For oculomotor function measurements that produced continuous data, the COR and LOA method of repeated measures assessed the repeatability of the data over sessions 1, 2, and 3 (Table 4 and Figure 10). The CORs were very similar for all session combinations for all the functions. In order to quantitatively evaluate the extent of this similarity, a within-subjects repeated measures MANOVA was performed to compare the data over the three sessions for the seven continuous dependent measures in Table 4. The last two columns of Table 4 contain the p-values (for Pillai trace) and the η2, an estimate of the effect size that could be attributed to the comparison being made. Thus, for example, even though the mean differences among each of the three measurements of lateral phoria were not statistically significant, the differences among the three lateral phoria means account for about 5.7 percent of the total variance in this data set (Figure 10(a)). Accommodative facility is the only measure for which the MANOVA was statistically significant (Pillai trace = 272; F(2,38) = 7.112, p < 0.002), such that about 27.2 percent of the variance can be accounted for by the fact that the first readings were statistically slower than the second, but that the third reading was not different from either the first or the second, as shown in Figure 10(g).


Table 4. 
Oculomotor
Function
Difference
(M ± SD)
95%
LOA
Difference
(M ± SD)
95%
LOA
Difference
(M ± SD)
95%
LOA
p-Value
η-Value
1.47 (1.80)
1.95 (2.11)
0.09 ± 0.62*
1.30 (1.13)
0.01 ± 0.37
0.74 (0.71)
0.72 (0.74)
0.50 (0.56)
5.04 (5.04)
0.50 ± 2.18
4.78 (3.78)
0.50 ± 2.82
6.03 (5.03)
9.09 (9.29)
0.20 ± 3.60
7.26 (6.86)
0.30 ± 4.27
8.68 (8.07)
13.28 (14.63)
12.10 (12.50)
0.48 ± 6.73
13.66 (12.71)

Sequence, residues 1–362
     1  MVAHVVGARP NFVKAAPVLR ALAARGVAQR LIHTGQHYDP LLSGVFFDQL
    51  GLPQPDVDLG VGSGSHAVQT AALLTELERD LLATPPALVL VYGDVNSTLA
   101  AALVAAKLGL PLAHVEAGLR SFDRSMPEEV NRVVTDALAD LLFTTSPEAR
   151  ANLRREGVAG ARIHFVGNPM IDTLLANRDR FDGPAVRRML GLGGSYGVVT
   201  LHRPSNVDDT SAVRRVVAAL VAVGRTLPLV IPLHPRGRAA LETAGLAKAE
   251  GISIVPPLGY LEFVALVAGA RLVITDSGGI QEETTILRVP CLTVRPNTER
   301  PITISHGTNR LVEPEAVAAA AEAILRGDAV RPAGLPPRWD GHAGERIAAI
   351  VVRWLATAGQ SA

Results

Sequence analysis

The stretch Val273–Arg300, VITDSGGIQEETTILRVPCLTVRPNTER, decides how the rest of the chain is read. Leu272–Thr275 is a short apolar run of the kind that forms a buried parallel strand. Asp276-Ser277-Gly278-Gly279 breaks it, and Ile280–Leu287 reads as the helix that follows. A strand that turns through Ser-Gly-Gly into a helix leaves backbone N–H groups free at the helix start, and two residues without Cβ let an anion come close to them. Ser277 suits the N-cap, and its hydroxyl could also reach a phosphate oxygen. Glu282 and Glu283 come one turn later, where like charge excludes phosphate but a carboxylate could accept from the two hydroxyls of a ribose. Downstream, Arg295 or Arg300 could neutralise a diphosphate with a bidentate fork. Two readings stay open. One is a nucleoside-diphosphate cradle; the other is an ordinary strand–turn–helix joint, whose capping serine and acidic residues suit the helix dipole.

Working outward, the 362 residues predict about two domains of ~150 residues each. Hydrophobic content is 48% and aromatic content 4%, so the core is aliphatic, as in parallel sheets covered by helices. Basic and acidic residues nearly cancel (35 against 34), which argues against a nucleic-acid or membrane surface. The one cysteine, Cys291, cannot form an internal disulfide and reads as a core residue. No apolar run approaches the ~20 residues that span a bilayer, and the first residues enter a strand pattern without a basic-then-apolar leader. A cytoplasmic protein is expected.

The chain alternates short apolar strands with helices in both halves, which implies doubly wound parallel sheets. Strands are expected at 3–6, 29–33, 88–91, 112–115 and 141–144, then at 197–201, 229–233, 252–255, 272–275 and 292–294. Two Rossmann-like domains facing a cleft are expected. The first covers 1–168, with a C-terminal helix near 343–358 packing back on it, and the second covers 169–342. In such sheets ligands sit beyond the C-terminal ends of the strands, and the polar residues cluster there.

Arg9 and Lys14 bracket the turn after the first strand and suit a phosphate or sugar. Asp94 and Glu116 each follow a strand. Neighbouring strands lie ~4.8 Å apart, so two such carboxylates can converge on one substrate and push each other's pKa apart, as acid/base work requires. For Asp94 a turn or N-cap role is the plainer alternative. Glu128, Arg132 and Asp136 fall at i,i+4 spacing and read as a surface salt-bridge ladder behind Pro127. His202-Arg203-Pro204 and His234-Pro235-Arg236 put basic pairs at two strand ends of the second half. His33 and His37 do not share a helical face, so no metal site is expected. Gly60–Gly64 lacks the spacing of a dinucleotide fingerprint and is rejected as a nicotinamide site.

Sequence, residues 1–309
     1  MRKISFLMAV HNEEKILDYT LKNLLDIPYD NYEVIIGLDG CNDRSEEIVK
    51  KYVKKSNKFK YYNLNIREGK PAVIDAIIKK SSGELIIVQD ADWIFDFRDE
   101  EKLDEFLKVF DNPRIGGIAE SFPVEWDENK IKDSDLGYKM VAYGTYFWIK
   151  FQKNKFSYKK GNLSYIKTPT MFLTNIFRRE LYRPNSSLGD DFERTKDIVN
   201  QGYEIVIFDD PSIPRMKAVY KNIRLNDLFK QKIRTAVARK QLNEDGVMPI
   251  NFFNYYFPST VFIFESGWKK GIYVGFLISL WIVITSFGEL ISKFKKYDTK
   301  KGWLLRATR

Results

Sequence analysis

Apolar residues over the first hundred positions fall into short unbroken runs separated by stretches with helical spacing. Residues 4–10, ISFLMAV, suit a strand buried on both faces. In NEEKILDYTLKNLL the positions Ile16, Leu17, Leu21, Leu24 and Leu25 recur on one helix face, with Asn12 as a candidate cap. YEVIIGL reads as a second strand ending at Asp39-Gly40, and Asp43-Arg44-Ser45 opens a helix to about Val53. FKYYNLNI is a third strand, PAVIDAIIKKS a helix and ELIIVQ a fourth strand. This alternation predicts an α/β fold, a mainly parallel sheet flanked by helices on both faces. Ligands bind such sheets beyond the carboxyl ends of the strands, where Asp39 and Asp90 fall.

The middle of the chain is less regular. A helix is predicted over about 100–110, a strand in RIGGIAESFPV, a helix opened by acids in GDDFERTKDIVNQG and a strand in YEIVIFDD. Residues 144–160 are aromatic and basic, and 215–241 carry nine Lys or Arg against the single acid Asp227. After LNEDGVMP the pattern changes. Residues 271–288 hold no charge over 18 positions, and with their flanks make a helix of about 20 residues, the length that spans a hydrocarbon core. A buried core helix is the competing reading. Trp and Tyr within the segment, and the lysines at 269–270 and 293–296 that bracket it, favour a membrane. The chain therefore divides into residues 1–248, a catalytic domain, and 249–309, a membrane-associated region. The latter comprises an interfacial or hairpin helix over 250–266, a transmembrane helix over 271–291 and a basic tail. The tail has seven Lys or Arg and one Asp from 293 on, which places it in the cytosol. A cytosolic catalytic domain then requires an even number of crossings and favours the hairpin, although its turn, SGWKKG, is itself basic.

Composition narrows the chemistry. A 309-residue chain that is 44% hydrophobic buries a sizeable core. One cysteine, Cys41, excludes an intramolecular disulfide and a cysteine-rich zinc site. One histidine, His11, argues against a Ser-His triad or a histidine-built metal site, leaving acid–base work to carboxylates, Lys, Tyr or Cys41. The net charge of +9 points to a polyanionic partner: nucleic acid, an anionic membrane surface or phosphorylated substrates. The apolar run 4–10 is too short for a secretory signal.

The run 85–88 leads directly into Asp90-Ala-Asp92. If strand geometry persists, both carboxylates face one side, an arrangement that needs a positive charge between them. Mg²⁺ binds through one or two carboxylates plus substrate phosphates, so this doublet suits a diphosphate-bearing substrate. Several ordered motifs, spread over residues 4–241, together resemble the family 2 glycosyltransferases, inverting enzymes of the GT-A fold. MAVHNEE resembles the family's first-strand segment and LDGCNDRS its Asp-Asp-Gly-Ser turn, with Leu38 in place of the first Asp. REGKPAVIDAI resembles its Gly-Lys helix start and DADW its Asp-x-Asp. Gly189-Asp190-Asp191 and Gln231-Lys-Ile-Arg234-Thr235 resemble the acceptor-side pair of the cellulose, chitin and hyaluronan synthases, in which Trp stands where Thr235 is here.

22.18 (20.59)
0.65 ± 10.84
21.89 (20.59)
1.80 ± 5.16
11.92 (8.32)
Monocular Accommodative Facility (cpm)†
7.38 (3.97)
1.11 ± 3.49
7.95 (5.74)
4.37 (5.56)
*Negative (–) denotes exophoria.
Negative (–) denotes hyperphoria.

Figure 10. Computerized oculomotor vision screening measurements for three individual testing sessions: 1 (), 2 (), and 3 (). Average measurement with ±95 percent confident interval error bars are shown for (a) lateral phoria, (b) vertical phoria, (c) negative fusional vergence (NFV) break, (d) NFV recovery, (e) positive fusional vergence (PFV) break, (f) PFV recovery, (g) monocular accommodative (acc) facility, (h) pursuit correct responses (resp), (i) pursuit mean resp time, (j) saccadic correct resp, (k) saccadic mean resp time, (l) reading speed, and (m) reading comprehension. PD = prism diopter.

Figure 10.

Computerized oculomotor vision screening measurements for three individual testing sessions: 1 (●), 2 (█), and 3 (▲). Average measurement with ±95 percent confident interval error bars are shown for (a) lateral phoria, (b) vertical phoria, (c) negative fusional vergence (NFV) break, (d) NFV recovery, (e) positive fusional vergence (PFV) break, (f) PFV recovery, (g) monocular accommodative (acc) facility, (h) pursuit correct responses (resp), (i) pursuit mean resp time, (j) saccadic correct resp, (k) saccadic mean resp time, (l) reading speed, and (m) reading comprehension. PD = prism diopter.

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The repeatability of the COVS for oculomotor functions producing categorical data was determined by its kappa coefficients. The kappa coefficients show excellent agreement between the three readings obtained by the COVS for the Worth 4 Dot (κ = 0.791), fixation (κ = 0.848), and pursuit (κ = 0.815) and saccadic (κ = 0.880) eye movements. Furthermore, there was excellent repeatability of the individual components (i.e., percent of correct responses and average response time) used by the COVS to make a pass or fail determination for the pursuit and saccadic eye movement (Figure 10(h)–(k)).